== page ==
Why using a for loop here does not give the desired outcome

Screen Link: Link to the lesson: https://app.dataquest.io/m/331/python-data-analysis-basics/7/creating-an-artist-summary-function

My Code:

def artist_summary(name):
    for name in artist_freq:
        num_artworks= artist_freq[name]
        template= "There are {artwork} artworks by {artist_name} in the data set"
        output= template.format(artwork= num_artworks, artist_name= name)
artist_summary('Henri Matisse')

What I expected to happen:
I expected it to return only the value that I inserted in the function and I wanted it to print: There are 129 artworks by Henri Matisse in the data set.

What actually happened:
Instead, it looped (duh?) through the whole dictionary.

The way I understood the loop within a function is that it will replace the parameter of the argument where the argument is being mentioned inside the function. Therefore, in my case Henri Matisse will be placed also in for name in artist_freq giving the result for Henri Matisse in artist_freq. This prompted me to believe that the loop’s functionality will stop there since I gave it a specific variable to iterate.

I figured out by myself that if I eliminated the for loop I will get the right answer, but I am still in need for an answer on why was it necessary.

Is someone kind enough to explain this to me? Thank you very much for your time.

Hi vallentin.ciocirlan

The artist_freq is a dictionary that stores artist’s name as the key and number of artworks done by that artist as the corresponding value.
When you are not using a for loop in your code, artist_freq[name], is artist_freq['Henri Matisse'], which will fetch you number of artworks done by ‘Henri Matisse’.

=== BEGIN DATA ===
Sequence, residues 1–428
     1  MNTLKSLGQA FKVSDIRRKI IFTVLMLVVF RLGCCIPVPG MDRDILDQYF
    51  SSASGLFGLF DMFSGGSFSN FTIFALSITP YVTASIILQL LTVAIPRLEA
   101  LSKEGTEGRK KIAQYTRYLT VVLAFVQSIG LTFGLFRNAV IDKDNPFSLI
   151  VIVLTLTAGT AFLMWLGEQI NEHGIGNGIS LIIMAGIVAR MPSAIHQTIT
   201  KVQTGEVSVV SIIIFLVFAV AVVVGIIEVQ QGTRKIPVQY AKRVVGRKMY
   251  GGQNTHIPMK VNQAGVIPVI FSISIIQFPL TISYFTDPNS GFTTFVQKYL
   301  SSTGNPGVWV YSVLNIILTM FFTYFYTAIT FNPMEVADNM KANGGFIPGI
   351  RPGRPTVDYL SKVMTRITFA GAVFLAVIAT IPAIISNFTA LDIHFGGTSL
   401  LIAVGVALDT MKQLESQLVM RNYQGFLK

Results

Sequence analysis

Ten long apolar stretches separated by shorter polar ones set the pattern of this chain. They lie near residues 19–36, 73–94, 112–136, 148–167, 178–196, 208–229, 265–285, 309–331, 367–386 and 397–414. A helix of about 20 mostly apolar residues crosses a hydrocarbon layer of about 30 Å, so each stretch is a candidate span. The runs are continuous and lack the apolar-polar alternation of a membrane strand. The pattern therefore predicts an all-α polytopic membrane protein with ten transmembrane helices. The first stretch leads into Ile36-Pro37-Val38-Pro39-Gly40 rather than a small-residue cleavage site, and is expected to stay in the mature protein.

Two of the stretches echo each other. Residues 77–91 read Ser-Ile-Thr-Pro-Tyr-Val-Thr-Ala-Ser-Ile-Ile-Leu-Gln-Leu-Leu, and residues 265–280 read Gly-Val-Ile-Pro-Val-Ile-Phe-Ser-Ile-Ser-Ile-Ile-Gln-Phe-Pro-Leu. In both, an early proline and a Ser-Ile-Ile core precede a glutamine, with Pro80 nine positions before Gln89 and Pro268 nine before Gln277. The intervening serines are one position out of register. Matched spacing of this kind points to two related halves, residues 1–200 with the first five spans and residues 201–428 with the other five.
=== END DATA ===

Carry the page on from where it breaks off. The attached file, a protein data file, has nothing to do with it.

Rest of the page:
When you are using a for loop for each and every iteration, the value of name will be different, all the artist names in the dictionary will be assigned to name variable in each and every iteration, the number of artworks for that artist will be found out and the print statement will print the formatted output.
For this problem, we are expected to find the value for a particular key in the dictionary.
Hence, artist_freq['name'] will do the needful, you don’t have to use a for loop and traverse all through the dictionary.

Hope its clear now?

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Hello @dash.debasmita

Thanks a lot for the answer. So the for will be going through the whole dictionary, even though it is part of a function which will be a specific parameter I assigned. Thus, it will return to me the whole dictionary no matter what, because this it what a for loop does.

Exactly. And in the for loop name will have a key value from the dict, not the one passed to the function parameter,

Here scope of name is local to the for loop, the one from the function

has no role to play in the for loop. Once you get outside the for loop, artist_summary(name) will be coming in to play.

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Hi @vallentin.ciocirlan

I think the confusion occurred to you because of the variable names you have given.

When you called the function artist_summary('Henri Matisse'), the value ‘Henri Matisse’ did pass to the argument name of the function you created. But then you have used the same variable name (name) for the for loop as well. Then the variable : name took the role of iterating variable and started accepting the values it received by iterating through the whole dictionary. Due to the local scope of iterating variable within the for loop name became the value it stored during each iteration and didn’t end up using the value you supplied ( ‘Henri Matisse’).

If artistic_freq dictionary is storing the number of artworks produced by artists, you don’t need to loop through the dictionary to find an artist and his number of works. You can simply get the value by using the key which is the name of the artist. Then it will give you the value connected with that key ie. the total number of artwork of that artist.

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